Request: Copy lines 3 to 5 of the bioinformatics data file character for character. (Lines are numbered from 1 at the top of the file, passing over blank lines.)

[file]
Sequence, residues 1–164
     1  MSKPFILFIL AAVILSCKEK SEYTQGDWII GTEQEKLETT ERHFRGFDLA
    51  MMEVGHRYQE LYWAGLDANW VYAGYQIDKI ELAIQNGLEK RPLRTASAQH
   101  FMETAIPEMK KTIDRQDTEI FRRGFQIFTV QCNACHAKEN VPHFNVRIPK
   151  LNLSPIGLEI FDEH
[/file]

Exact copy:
    51  MMEVGHRYQE LYWAGLDANW VYAGYQIDKI ELAIQNGLEK RPLRTASAQH
   101  FMETAIPEMK KTIDRQDTEI FRRGFQIFTV QCNACHAKEN VPHFNVRIPK
   151  LNLSPIGLEI FDEH